Fake customer service sites are popping up online
| August 20, 2020 1:00 AM
With many businesses either still shut down or partially shut down due to COVID-19, getting in touch with the customer service department at a company can be challenging. Scammers have figured out a way to capitalize on consumer frustrations.
If consumers want to contact a company’s customer service department, they do a quick online search for a contact phone number or email. But now consumers need to be aware that the information they get online may not be accurate.
Why? Because it appears that scammers have figured out a way to create fake customer service information for popular companies. The Federal Trade Commission has received an uptick in complaints about fake customer service sites. I’ve also received a few phone calls from local readers with this same complaint.
Scammers are even paying for their information to show up at the top of search results. When you use one of these fake numbers, the “rep” will likely offer to resolve the problem if you wire money to them or send gift cards. They will also ask you to verify your personal information or ask for remote access to your computer.
Remember the end game is always the same: It is to get money from you or to get your information.
Here are a few tips to stay safe:
• Check product packaging. If you still have the packaging, manual or printed material from the company this is a good source of real customer service information.
• Visit the company’s official website. Do this by typing in the company’s website address directly into your browser. Look for a phone number, email or chat function, or way to submit a message directly through their website. If you use the search engine to find the company, make sure to double check that the URL is the company’s official site and not the scammer’s site.
• Finally, never wire money or send gift cards. No legitimate company will ask you to send gift cards or wire money. They also will not ask you for your password. If you get asked for this information, hang up because it’s a scammer.
If you spot a fake customer service website, report it to the FTC at www.ftc.gov/complaint.
ONLINE INSTALLMENT WARNING: Now that most consumers are shopping online, shops are targeting high school and college-age buyers just in time for back-to-school purchases. Customers are being offered a buy-now and pay-later purchase option.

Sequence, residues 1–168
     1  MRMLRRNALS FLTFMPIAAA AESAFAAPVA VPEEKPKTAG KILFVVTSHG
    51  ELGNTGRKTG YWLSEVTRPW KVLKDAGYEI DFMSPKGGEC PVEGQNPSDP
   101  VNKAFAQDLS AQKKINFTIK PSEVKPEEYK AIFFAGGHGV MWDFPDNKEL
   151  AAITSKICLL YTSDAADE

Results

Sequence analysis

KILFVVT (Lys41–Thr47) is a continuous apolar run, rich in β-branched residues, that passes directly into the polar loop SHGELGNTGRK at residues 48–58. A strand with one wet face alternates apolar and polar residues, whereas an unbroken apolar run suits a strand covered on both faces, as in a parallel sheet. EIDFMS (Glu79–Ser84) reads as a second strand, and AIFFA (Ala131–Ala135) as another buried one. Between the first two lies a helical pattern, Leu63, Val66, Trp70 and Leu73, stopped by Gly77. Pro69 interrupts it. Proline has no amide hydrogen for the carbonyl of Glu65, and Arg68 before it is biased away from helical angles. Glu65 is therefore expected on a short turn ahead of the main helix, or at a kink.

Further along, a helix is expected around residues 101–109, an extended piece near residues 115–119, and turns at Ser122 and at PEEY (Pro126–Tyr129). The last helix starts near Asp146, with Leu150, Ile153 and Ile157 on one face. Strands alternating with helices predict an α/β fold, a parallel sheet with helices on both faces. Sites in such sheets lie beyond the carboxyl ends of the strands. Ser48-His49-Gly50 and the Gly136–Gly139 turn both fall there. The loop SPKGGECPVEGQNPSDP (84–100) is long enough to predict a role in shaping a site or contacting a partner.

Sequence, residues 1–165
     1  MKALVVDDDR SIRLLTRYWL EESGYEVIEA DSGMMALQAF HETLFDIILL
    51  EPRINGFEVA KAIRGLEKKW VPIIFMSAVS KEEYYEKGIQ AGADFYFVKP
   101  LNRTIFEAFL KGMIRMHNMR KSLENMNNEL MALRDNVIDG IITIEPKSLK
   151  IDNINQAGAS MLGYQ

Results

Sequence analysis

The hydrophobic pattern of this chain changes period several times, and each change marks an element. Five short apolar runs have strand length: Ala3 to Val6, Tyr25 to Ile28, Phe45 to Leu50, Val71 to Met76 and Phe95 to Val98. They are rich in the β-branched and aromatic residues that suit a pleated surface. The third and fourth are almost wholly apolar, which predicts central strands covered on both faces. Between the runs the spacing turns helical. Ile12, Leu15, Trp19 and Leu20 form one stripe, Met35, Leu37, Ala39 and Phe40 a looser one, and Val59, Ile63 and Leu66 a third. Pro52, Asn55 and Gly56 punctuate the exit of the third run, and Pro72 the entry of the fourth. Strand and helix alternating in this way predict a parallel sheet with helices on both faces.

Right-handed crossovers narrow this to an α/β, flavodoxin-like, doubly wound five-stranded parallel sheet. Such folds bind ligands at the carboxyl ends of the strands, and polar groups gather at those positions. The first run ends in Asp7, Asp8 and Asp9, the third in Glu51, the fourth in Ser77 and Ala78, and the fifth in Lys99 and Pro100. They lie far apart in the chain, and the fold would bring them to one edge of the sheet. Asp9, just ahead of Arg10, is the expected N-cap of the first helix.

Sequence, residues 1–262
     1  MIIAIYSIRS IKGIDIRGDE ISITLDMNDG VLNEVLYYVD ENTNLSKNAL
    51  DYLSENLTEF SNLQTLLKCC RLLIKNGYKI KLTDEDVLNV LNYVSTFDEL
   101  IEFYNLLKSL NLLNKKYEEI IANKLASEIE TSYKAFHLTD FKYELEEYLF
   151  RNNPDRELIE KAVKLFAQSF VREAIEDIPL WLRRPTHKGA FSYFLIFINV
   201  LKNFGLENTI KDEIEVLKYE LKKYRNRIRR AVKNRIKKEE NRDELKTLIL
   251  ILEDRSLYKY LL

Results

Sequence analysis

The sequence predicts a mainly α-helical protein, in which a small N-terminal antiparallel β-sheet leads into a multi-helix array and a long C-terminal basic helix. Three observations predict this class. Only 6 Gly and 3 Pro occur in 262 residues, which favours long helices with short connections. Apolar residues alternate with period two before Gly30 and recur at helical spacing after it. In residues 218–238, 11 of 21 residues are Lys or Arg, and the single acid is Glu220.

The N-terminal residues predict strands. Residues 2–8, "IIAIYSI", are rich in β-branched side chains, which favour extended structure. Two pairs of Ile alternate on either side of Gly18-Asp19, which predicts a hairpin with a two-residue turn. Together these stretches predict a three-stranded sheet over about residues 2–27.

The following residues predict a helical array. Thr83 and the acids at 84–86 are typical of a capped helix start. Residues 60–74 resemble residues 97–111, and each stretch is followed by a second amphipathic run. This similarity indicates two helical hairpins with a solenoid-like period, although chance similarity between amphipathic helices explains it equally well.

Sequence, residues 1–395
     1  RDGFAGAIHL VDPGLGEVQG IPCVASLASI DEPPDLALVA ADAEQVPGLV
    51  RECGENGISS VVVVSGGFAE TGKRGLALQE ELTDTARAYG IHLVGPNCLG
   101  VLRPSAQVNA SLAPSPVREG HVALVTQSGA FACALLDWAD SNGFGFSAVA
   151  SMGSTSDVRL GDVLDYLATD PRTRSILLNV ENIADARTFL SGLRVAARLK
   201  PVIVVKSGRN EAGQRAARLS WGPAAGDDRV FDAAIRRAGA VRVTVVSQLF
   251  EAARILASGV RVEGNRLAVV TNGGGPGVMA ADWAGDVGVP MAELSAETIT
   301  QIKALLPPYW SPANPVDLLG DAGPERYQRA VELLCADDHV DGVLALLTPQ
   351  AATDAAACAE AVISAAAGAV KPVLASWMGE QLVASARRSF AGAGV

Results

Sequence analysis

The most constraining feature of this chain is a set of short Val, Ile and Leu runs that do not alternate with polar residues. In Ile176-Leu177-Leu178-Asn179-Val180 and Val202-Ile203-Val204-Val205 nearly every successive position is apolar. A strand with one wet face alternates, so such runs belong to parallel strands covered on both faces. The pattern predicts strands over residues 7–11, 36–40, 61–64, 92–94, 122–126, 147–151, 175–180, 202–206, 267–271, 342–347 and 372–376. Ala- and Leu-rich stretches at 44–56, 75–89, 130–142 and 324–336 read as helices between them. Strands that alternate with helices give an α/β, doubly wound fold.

This allows shoppers to purchase just about anything by agreeing to pay a series of smaller installments. However, with any financing option, consumers should understand the terms before they sign up.
As you go through the checkout process with an online store, if the store offers installments you will be given the additional option of making your purchase in a specific number of installments. The option to split up payments can be appealing, particularly to younger shoppers who don’t tend to have or use traditional credit cards.
Often, this option comes from a third-party financing company that makes money by charging retailers a small percentage of each sale and by collecting late fees and interest from consumers. Interest rates range from 0% to 30%, depending on credit history and the retailer. You’ll likely need to be approved by the financing company to be eligible for an installment payment plan.
Keep in mind you’re borrowing money. Make sure you’re not spending more than you can actually afford before you make your decision to purchase the item(s). Stick to your budget and don’t sacrifice money set aside for rent. Read the fine print and do research on the financing company.
• • •
SCAM EMAIL ALERT: I along with several readers have been receiving emails from UPS, FedEx, Lowe’s (just to name a few) that have said we’ve been selected to get an exclusive reward. The catch is to qualify, you must first fill out a short survey.
The problem with these emails is they don’t appear to be from the actual company. Often they are from a noReply email that doesn’t have the company name anywhere in the email address.
While the reward or gift may be enticing, I recommend skipping this offer. It’s more likely than not a phishing email wanting you to fill out the survey in order to capture your personal data.
• • •
Remember: I’m on your side.
• • •
If you have encountered a consumer issue that you have questions about or think our readers should know about, please send me an email at firstname.lastname@example.org or call me at 208-274-4458. As The CDA Press Consumer Gal, I’m here to help. I’m a copywriter working with businesses on marketing strategy, a columnist, a veterans advocate and a consumer advocate living in Coeur d’Alene.